Unfortunately, parents are buying into this myth. Some parents go as far as to pay for plastic surgery for their young daughters. They want to repair any flaws their little girls may have. Some parents want the “perfect” daughters. Girls quickly pick up on the message that they are not enough as they are. They think they must be damaged if moms and dads need to have surgeons repair them. They feel inadequate and ugly. They are never satisfied with their looks. The emptiness within them starts to grow and a search to fill that void begins.

Truth: Beauty comes from what is in our hearts, not from our appearance. 

God has given each of us our own specific gifts. We should spend more time focusing on those and how to use them to bring glory to God. Parents should look at the heart of their children and work to help them develop hearts of compassion and giving. True beauty lies within.

Myth:  The perfect figure is important.

While looking the best we can is to be desired, it is even more important to know real beauty comes from within. Yes, it is important to exercise and eat a healthy diet. But today we are seeing too many girls struggling with eating disorders such as bulimia. This is a fine line for parents. We must let children know we love them no matter how they look.

Mr. Rogers once wrote a song titled, “It’s You I Like”. The words include ..

“it’s not the things you wear

it’s not the way you do your hair

but it’s you I like

The way you are right now

The way down deep inside of you”

These words are so true and we need to show them in the way we love our children and accept them.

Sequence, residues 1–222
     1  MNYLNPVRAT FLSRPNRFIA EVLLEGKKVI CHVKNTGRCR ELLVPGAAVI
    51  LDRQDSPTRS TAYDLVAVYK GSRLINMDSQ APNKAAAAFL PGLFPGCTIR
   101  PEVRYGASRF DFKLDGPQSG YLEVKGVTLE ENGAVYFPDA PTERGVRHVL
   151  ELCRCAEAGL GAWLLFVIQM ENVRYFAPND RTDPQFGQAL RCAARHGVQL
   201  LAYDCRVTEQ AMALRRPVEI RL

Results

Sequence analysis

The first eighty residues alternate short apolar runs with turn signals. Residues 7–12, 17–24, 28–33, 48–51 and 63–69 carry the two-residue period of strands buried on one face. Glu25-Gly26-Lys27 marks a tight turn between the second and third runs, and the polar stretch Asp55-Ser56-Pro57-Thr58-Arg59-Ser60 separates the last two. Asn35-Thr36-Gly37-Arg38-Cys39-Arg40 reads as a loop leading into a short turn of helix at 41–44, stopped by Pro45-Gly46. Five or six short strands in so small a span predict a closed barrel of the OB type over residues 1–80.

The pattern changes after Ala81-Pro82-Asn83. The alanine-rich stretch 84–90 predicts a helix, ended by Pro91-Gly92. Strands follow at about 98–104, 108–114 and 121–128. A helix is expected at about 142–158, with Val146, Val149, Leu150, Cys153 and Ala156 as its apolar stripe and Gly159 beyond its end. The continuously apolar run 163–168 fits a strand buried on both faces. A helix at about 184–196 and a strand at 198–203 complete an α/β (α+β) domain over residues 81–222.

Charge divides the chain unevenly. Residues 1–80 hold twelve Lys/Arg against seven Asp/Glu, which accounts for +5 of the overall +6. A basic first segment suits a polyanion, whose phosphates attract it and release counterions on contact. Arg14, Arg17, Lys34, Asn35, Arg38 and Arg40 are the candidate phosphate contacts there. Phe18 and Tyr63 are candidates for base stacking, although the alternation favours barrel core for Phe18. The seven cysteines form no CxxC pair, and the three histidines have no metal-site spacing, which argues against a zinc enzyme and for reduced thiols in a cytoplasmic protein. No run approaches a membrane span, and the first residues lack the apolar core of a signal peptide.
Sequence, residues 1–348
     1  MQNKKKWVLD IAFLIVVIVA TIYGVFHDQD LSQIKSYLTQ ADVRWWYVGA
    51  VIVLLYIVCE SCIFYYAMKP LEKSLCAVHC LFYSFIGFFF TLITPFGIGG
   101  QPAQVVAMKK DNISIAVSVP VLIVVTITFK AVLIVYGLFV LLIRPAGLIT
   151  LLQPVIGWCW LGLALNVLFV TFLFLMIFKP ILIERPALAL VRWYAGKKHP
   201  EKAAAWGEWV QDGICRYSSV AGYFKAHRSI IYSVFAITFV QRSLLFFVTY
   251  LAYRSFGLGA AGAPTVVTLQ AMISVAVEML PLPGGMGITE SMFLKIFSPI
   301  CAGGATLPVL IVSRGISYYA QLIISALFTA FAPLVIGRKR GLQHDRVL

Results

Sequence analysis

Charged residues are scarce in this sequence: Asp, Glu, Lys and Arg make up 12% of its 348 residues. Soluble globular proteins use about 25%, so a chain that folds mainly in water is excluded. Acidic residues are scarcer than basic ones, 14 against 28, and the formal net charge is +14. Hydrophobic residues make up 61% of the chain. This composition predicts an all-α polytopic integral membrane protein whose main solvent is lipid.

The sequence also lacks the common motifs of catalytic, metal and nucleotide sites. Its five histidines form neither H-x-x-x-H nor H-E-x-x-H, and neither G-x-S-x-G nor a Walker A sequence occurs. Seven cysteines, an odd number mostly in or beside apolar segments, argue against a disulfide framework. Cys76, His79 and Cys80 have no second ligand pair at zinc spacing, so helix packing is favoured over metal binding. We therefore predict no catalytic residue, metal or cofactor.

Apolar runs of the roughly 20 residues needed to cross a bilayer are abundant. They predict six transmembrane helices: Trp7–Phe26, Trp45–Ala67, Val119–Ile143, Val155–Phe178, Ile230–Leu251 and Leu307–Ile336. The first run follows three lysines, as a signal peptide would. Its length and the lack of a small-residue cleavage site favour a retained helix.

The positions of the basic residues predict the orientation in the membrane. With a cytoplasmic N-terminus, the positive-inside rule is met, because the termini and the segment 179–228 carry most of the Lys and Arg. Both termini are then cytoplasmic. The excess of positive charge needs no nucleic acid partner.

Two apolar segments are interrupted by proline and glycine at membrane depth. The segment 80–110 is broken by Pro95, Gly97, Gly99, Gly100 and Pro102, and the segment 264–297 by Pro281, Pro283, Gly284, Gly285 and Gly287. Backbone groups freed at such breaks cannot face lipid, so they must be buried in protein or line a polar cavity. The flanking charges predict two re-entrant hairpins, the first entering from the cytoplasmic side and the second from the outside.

Humans do not see what the Lord sees, for humans see what is visible, but the Lord see the heart.     I Samuel 16:7

Truth: Happiness comes from within.

Judging ourselves and others by a body image only brings disappointment and unhappiness. No matter how pretty we are, or how thin we may be, it is never enough.

Myth: Material possession are vital.

Having the right clothes and shoes are not the answer. Unfortunately, the clothes, the car, and the house will not bring us happiness. The more we have, the more we want.

Charles Spurgeon once said, “You, say, ‘If I had a little more, I should be very satisfied.’ You make a mistake. If you are not content with what you have, you would not be satisfied if it were doubled.”

Truth: We will not find happiness in the things we possess. 

What we wear, and how we adorn our bodies is not as important as who we are inside.

Don’t let your beauty consist of outward things like elaborate hairstyles and wearing gold jewelry or fine clothes, but rather what is inside the heart — the imperishable quality of a gentle and quiet spirit, which is of great worth in God’s sight.     I Peter 3:3-4



Teach Children to Give

Baby Dolls Teach More Important Lessons

I Am Not The Most Important Person

Children, especially girls need to learn to care for others. They begin to understand that it is important to care for someone else. The needs of others are more important and more pressing that the wants of self. Children imitate what they have seen their parents and others do when caring for a child. Girls show they can give love, they understand the baby needs love, hugs, and a caring parent. They make their baby happy by playing with it and using their imagination to feed, clothe, put to sleep and hold it. Children imagine the importance of giving and not receiving. They learn happiness comes from within their hearts, not from their outward appearance. 

I hope you will consider rethinking how children are using their imaginations to help them become more content with themselves. 


Watch out and be on guard against all greed, because one’s life is not in the abundance of his possessions.

Luke 12:15